How any choices are implemented once they are actually made is also important according to Jon Pearce, managing director of marketing and communications company Ferrier Pearce. “When scheme members come to make their fund choice we should aim to make it simple, providing straight through processing, so they can make a choice, make a click and it is done. They should not have to fill out forms to make it happen,” he said.

“Generally most scheme members don’t need to worry about what is going on in the background. There are 10 per cent of people who perhaps work for financial institutions who may understand how it all works and they may want to try and beat the market but most people just want an easy choice and for it to happen quickly. It is all about education and making them more comfortable.”

Professor David Blake, director of the Pensions Institute, argued the industry is doing more than it needs to in offering any choice over funds at all because most people don’t want to understand what a fund is – rather they want to know what it is going to do for them.

“They want to know the outcome at the end of the investment stage,” he said. “They want to know the potential income they are going to get in retirement and they want some certainty over that. Whatever the pension vehicle is it has to try and deliver that. The worst thing about defined contribution is people with the same salary are putting in roughly the same amount of money into the pension funds but experience big variations in incomes when they retire within only two or three months of each other.”

Blake said what people really want is a final salary, defined benefit type pension plan, of the sort that can no longer be delivered in the way it has been by private sector employers in the past, he added. While defined benefit is unaffordable, the industry has to try to get the defined contribution model to replicate it as closely as possible.

“People don’t like big cuts in income or going from being in control with a high salary just prior to retirement and then experiencing a big cut after they retire because they haven’t been informed about the contributions going in,” he said. “So we as an industry should focus on the outcome and what the funds can deliver.”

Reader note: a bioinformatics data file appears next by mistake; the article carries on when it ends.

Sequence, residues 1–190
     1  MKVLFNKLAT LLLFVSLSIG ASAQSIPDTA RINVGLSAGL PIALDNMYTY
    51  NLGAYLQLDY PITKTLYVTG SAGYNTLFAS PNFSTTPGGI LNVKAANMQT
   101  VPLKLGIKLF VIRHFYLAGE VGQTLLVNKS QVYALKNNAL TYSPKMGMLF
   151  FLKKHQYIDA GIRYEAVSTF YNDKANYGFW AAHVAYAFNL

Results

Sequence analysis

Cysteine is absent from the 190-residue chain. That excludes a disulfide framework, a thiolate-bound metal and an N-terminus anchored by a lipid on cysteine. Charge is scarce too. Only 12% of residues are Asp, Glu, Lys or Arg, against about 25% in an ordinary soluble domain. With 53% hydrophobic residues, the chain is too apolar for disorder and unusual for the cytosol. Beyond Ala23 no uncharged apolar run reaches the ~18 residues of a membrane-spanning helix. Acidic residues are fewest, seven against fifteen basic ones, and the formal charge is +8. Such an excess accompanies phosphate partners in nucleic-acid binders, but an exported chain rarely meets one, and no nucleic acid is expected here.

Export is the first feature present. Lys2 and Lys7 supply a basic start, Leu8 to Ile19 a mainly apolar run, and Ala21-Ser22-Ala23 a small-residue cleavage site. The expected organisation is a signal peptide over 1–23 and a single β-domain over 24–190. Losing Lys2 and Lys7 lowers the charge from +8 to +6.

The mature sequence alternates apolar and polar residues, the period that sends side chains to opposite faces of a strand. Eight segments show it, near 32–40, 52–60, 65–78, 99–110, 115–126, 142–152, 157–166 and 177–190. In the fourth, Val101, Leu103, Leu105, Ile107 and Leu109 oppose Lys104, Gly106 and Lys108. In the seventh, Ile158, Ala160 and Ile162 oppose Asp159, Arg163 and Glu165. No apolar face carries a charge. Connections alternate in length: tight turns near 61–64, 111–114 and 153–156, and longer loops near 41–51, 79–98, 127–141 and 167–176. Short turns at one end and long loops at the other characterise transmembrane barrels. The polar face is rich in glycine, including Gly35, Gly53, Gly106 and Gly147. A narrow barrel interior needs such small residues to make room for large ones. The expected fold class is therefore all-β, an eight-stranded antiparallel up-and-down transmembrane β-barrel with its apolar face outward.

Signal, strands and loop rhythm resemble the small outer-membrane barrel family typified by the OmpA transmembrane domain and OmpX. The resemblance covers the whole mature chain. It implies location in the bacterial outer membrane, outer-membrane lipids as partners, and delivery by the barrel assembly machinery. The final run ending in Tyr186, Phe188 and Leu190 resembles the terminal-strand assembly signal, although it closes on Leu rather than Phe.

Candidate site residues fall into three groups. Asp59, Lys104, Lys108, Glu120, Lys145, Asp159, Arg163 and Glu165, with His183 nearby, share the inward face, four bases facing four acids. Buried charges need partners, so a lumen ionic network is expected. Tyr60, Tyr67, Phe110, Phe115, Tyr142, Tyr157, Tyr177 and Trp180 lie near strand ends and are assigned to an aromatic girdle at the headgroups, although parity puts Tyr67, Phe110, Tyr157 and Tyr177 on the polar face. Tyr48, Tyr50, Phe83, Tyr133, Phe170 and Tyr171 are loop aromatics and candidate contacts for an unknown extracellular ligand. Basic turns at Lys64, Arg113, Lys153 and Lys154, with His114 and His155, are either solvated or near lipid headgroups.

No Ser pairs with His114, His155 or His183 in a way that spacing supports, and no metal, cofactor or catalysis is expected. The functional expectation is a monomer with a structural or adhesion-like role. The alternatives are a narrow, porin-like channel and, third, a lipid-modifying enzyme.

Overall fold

Delegates felt the industry is increasingly going down the route of making it unnecessary for scheme members to have to make too many choices, if not limiting choice altogether. Gary Smith, senior investment consultant at Watson Wyatt, says the industry is definitely seeing the emergence of more pre-packaged investment solutions rather than guiding individuals towards putting their own investment portfolios together themselves.

“Certainly scheme fiduciaries are actually creating those pre-packaged solutions now and delivering those to schemes and managing those much more effectively with the assistance of corporate advisers,” he said. “And providers are also starting to push those solutions. I think by far this is the right evolution and the right way to go.”

However, the risk of doing too much of the thinking for people is that they will not only happily absolve themselves of any responsibility but also look to blame someone else should something go wrong.

Will Allport, director, product strategy, UK & Ireland for AllianceBernstein, thinks the popularity of default funds and the implicit advice embedded within the default fund is particularly important, especially for those who might want to opt out of using the default fund to make their own choices.

“The journey for them going from using the default funds to making their own choices has to be very clearly recorded, in the sense that if the default fund has been well constructed by provider, investment consultant, trustees and/or employer, then that is likely to be the best option for the majority of members,” Allport said.

“If a member then says they want to make their own choices it is critical you record the fact that they have declined the default fund. When you consider the way people who do make their own choices behave and the performance they get within their investment portfolio, it is fairly worrying. Individual investors chase performance. No matter how many disclaimers we stick on investment products they just do. You only have to look at the mutual fund flows versus the FTSE over the past decade. It is staggeringly clear that people buy high and sell low.”

Choice may be a valuable commodity but without care it can prove much too expensive.